Steven Castellano Considers Talented and Gifted Education
Steven Castellano is a senior at High Technology High School in Lincroft, New Jersey, and is one of Big Think's "10 under 25" young experts.
At High Tech, he was the vice-president of the Key Club, vice-president of the National Honor Society, and a member of the senior class council. He also served as the secretary for the New Jersey state Technology Student Association that works to promote technological literacy in schools throughout the country. He has developed a deep interest in behavioral neuroscience research throughout high school and has worked on projects investigating the effects of acupressure on alertness and visual attention skills.
His research has won first prize in the MIT THINK competition, the Delaware Valley Science Fair, the Jersey Shore Science Fair, and the New Jersey Academy of Science. In addition, Steven has been named an Intel Science Talent Search semifinalist and has presented his research to the American Junior Academy of Science division of the American Association for the Advancement of Science, the Human Factors and Ergonomics division of the Federal Aviation Administration, the Institute of Electrical and Electronics Engineers, and the Armed Forces Communications Electronics Association. Most recently, his research has been published in Imagine magazine.
In 2009, Steven and his teammates won $20,000 in the 2009 Moody's Mega Math Challenge, an applied mathematics competition sponsored by the Moody's Foundation and the Society for Industrial and Applied Mathematics. During the challenge, his team had 14 hours to analyze and submit a paper on the American Recovery and Reinvestment Act of 2009. The team was also featured on Bloomberg Radio's Taking Stock with Pimm Fox and Karen Moscow. His paper and presentation can be viewed at 2009 Winning Papers.
After graduating from High Tech, Steven plans to attend Columbia College of Columbia University to study neuroscience and physics.
Question: What's your advice for aspiring scientists?
Steven Castellano: I feel that any student, not necessarily like a talented and gifted one, I don't really feel like there's anything particularly special about me that would make me considered talented and gifted, so I mean, I feel like any student, if they are interested in pursuing something they will be driven to follow through with it. I know in my case, like a lot of the teachers weren't necessarily recommending human subjects research, because it's kind of hassle to deal with. I mean they definitely encouraged it once you expressed interest in it, but you know, that was a slight hurdle. Also paying for software for my Enumeration Task and then you like apply for grants and you'll kind of just be driven to carry through I feel, if you're really deeply interested in what you're doing, so I feel like if you have an interest, you will be successful. I know that's probably a little bit idealistic I guess some advice I would say is start small, you don't have to start with solving the biggest problems, sometimes just re-verifying what is already known as a scientific truth can be just as interesting, to discover it for yourself. I know that was some of the most interesting things I did in my classes, it was just seeing what have been already been done and then trying to demonstrate yourself or re-verify using a slightly different analysis. So you could start small, do projects like that, and then see where your interests take you. Follow through with it and there's definitely contacts out there, I mean, if you want to learn about statistics, for example, you could get books from the library. And I feel like people start making connections after you start and express interest in it. I know some of my friends have emailed professors at universities or local universities and you could definitely get mentors to help you, then if you find that you are interested in research and you really do enjoy it, and you want to take it a step further.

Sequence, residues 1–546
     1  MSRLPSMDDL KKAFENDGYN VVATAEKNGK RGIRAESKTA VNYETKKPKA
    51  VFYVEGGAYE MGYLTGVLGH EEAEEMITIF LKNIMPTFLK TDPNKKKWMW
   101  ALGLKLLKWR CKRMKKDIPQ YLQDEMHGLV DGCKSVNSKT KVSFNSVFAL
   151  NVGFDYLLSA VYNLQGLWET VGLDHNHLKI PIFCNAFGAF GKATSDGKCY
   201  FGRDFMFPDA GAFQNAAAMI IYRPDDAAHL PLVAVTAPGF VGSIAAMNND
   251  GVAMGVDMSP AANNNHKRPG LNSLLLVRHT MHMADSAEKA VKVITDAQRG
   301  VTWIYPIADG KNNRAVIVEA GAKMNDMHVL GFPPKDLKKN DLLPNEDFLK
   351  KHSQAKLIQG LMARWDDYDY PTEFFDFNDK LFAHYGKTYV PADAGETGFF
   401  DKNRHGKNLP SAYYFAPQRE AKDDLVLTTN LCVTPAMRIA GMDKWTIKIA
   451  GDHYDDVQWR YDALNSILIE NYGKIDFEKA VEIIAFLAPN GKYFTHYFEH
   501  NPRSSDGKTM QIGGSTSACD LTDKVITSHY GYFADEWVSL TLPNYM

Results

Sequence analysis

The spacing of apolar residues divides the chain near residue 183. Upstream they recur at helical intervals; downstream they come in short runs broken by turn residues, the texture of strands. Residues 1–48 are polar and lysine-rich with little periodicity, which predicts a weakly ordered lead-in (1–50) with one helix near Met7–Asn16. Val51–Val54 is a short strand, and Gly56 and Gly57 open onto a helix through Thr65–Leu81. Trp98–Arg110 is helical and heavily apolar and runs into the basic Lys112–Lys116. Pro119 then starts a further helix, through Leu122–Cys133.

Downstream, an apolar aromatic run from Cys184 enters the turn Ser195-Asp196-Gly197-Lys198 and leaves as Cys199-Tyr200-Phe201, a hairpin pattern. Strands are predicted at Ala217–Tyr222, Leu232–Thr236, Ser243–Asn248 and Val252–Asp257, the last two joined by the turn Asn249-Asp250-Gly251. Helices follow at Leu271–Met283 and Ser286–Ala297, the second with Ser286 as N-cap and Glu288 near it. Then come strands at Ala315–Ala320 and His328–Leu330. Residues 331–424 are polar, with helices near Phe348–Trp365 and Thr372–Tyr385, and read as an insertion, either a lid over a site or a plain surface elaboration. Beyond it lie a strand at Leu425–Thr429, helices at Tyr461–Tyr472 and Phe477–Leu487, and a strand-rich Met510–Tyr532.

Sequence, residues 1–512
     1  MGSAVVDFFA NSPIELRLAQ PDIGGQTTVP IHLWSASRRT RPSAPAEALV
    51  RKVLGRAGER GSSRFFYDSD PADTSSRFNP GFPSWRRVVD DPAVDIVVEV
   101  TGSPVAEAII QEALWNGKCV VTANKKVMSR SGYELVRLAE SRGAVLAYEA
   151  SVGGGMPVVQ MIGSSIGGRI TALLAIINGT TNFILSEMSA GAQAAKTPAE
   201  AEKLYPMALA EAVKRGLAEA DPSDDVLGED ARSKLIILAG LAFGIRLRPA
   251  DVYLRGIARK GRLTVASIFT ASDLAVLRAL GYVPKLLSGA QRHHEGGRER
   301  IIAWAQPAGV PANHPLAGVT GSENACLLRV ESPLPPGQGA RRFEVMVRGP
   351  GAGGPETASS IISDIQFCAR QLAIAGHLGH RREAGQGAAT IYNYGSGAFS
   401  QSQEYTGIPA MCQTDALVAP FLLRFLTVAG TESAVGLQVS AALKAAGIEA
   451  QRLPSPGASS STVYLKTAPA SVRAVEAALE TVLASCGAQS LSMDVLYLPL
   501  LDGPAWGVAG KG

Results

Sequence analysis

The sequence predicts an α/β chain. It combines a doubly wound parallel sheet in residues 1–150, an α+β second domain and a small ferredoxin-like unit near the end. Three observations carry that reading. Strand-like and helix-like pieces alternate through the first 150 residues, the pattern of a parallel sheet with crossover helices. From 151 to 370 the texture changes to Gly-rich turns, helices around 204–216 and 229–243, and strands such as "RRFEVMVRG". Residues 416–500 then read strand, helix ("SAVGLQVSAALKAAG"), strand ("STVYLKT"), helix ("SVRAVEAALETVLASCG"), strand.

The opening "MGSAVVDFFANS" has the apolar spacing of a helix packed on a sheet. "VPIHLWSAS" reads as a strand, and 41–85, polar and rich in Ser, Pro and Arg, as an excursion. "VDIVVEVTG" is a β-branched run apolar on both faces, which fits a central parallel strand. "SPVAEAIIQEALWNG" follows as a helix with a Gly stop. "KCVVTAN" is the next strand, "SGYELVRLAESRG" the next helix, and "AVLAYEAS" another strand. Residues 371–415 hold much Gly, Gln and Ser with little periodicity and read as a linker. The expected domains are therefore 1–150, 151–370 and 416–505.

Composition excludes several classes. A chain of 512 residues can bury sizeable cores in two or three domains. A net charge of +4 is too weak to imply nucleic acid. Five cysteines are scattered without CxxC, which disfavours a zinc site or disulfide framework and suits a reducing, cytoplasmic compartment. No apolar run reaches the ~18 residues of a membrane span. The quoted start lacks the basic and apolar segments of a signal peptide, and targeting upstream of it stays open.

Recorded on: May 8, 2009
If you have a passion, you can achieve great things, whether you are gifted or not.
How a cataclysm worse than what killed the dinosaurs destroyed 90 percent of all life on Earth.
While the demise of the dinosaurs gets more attention as far as mass extinctions go, an even more disastrous event called "the Great Dying” or the “End-Permian Extinction” happened on Earth prior to that. Now scientists discovered how this cataclysm, which took place about 250 million years ago, managed to kill off more than 90 percent of all life on the planet.
A new study discovers the “liking gap” — the difference between how we view others we’re meeting for the first time, and the way we think they’re seeing us.
We tend to be defensive socially. When we meet new people, we’re often concerned with how we’re coming off. Our anxiety causes us to be so concerned with the impression we’re creating that we fail to notice that the same is true of the other person as well. A new study led by Erica J. Boothby, published on September 5 in Psychological Science, reveals how people tend to like us more in first encounters than we’d ever suspect.
Using advanced laser technology, scientists at NASA will track global changes in ice with greater accuracy.
Leaving from Vandenberg Air Force base in California this coming Saturday, at 8:46 a.m. ET, the Ice, Cloud, and Land Elevation Satellite-2 — or, the "ICESat-2" — is perched atop a United Launch Alliance Delta II rocket, and when it assumes its orbit, it will study ice layers at Earth's poles, using its only payload, the Advance Topographic Laser Altimeter System (ATLAS).
SMARTER FASTER trademarks owned by The Big Think, Inc. All rights reserved.